It’s several minutes to sunrise when I realized that I’m standing in the most beautiful place in this world. My lungs breathe in the alpine air and the light of the sun slowly wash over the rugged mountain peaks.
Steps away are crystal clear lakes, flowing rivers, thundering waterfalls, and deep canyons. This is my backyard – where I live and work here in Jasper, Alberta, Canada. Jasper is a peaceful and intimate former railway town situated in some of the world’s most breathtaking wilderness.
Here the community extends beyond its people to the abundance of wildlife. This town is home to its original habitants of elk, bison, bighorn sheep, moose and mountain goats. The pawed and hoofed animals created their trails over 11,000 years ago.
Here in Jasper, the community is deeply connected to Aboriginal people, who discovered and lived off the land before non-native explores, fur traders and railway company employees settled among the mountains and created this town.
Jasper National Park is Canada’s largest Rocky Mountain Park spanning over 10,000 square kilometers and is a UNESCO World Heritage Site. People from across Canada and the world are drawn to the brilliance of the natural environment.
Tourism is the primary industry drawing over two million visitors annually to Jasper.
The national parks of Canada are a source of pride for Canadians and an integral part of our identify. Tourism is the primary industry drawing over two million visitors annually to Jasper. I had the opportunity to work in Jasper National Park and live in this community of fewer than 5,000 people. Jasper is a special place – a mountain town that welcomes visitors and was not purposely built as a tourist resort.
Community of Stewards
I volunteered for Parks Canada as a Caribou Ambassador and Park Steward. The purpose was to learn about Caribou, share knowledge, build awareness and protect a species at risk. Woodland Caribou populations are in serious decline in Alberta with crucial habitat areas experiencing extreme development pressure.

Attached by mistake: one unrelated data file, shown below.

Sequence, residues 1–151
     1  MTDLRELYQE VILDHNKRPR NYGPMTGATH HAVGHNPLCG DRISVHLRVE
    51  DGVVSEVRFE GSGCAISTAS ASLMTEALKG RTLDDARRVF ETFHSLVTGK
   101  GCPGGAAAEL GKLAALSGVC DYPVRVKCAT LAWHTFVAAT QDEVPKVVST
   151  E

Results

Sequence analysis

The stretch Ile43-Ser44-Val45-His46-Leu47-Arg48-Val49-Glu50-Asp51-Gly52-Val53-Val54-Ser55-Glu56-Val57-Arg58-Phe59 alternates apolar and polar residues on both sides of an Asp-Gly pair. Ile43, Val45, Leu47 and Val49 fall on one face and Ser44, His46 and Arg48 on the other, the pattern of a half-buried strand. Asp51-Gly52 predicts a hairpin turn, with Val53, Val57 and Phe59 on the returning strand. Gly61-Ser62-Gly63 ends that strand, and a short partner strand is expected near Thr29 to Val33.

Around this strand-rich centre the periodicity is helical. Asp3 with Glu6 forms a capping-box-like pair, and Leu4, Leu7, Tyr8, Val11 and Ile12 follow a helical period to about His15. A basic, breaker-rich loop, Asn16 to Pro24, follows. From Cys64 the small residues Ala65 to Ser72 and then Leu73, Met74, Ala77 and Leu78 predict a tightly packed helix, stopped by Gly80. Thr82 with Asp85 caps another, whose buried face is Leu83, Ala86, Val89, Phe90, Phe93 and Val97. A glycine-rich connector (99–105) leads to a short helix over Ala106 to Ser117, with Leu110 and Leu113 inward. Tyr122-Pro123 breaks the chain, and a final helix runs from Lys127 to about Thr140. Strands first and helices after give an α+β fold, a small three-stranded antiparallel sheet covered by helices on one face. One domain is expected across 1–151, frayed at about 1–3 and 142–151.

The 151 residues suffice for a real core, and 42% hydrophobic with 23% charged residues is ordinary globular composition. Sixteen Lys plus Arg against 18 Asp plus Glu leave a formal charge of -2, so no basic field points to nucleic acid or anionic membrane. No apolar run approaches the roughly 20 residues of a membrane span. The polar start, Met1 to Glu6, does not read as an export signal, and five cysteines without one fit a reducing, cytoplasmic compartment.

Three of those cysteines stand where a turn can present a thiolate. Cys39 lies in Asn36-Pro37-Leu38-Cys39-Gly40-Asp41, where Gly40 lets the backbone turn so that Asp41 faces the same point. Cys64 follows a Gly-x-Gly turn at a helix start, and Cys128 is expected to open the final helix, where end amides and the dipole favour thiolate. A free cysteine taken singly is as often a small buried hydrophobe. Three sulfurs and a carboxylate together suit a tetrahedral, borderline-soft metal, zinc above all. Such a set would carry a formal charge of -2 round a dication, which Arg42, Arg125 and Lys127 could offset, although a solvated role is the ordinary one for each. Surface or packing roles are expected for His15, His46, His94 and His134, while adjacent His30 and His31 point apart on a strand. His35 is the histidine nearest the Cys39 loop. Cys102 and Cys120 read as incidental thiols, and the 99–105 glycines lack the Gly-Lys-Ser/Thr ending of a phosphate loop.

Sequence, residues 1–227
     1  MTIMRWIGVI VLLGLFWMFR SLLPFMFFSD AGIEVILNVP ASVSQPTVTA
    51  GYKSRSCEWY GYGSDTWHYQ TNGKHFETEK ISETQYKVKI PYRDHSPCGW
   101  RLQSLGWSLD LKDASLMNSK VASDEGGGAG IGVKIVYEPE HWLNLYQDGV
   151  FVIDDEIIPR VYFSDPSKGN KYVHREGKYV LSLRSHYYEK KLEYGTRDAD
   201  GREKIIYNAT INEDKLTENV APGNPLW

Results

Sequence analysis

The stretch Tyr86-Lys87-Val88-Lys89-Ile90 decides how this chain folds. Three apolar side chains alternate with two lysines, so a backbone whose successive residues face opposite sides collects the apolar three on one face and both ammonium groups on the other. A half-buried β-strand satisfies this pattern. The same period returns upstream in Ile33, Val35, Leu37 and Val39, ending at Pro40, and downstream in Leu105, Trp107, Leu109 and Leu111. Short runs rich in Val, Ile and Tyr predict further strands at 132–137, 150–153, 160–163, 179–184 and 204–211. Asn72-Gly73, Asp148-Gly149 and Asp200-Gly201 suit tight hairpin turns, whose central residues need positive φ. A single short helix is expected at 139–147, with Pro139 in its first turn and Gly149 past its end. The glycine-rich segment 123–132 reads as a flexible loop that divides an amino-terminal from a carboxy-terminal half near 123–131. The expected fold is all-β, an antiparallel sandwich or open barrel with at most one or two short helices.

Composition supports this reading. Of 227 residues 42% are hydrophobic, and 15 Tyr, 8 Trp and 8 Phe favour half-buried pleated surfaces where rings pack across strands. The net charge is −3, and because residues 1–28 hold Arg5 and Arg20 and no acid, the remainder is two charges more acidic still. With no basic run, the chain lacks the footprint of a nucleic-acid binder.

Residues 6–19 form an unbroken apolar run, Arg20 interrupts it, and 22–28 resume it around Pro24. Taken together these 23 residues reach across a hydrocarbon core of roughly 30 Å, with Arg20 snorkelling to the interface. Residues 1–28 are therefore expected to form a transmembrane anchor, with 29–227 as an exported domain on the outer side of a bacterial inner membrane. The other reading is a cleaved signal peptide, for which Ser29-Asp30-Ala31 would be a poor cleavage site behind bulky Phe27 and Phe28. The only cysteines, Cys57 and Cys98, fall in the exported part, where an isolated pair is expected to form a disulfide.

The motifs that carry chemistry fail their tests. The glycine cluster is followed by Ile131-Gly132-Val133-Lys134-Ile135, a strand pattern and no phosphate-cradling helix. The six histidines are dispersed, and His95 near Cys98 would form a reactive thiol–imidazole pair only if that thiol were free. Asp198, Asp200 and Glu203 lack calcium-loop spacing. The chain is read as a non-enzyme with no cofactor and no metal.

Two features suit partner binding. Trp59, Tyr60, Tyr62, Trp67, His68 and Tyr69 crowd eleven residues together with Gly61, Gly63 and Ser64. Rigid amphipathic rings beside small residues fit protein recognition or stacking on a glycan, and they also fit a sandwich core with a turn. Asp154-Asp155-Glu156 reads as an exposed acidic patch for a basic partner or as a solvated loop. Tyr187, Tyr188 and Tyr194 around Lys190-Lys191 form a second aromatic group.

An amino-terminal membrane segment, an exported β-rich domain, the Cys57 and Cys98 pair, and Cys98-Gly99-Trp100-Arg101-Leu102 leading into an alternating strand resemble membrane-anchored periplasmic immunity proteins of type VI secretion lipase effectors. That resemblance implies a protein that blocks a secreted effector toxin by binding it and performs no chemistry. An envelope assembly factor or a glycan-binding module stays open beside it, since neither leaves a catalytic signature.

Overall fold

Many of the residents in town are involved in volunteer work – a wide range of cultural and educational activities. Their collective efforts to educate the community and build knowledge enables visitors to take positive environmental action to conserve.
Celebrating and connecting Aboriginal culture was important to the community of Jasper. Indigenous people, whose ancestors lived in the area, were asked to share their deep understanding of nature and spirit at community gatherings, festivals and celebrations including National Aboriginal Day.
I learned from the community – understanding the natural and cultural forces that created and shaped Canada. The breathtaking scenery here evokes a desire to explore, a yearning to learn more about it, and a desire to respect and protect it. To evoke such feelings in myself and visitors demonstrates the power a community has on its local tourism.
My time in Jasper National Park was a deeply moving experience that will continue to stay with me for a long time. Aside from the natural wonders and beauty of the Canadian Rockies, I came to love and be a part of the kind people of Jasper and learn their rich culture and way of life.
This blog post is an entry for the UNWTO 2014 World Tourism Day Blogger Competition
Municipality of Jasper, Culture and Recreation
Parks Canada, Jasper National Park of Canada
Canadian Parks and Wilderness Society
Parks Canada Jasper National Park of Canada: Annual Report 2013
With World Tourism Day just around the corner, always remember to be an informed traveler!
- Buy local
- Respect the culture you are visiting
- Protect heritage
- Save energy
- Protect the surroundings
- Respect the environment
Have a look at the Global Code of Ethics for Tourism to make sure your trip is as sustainable and responsible as possible!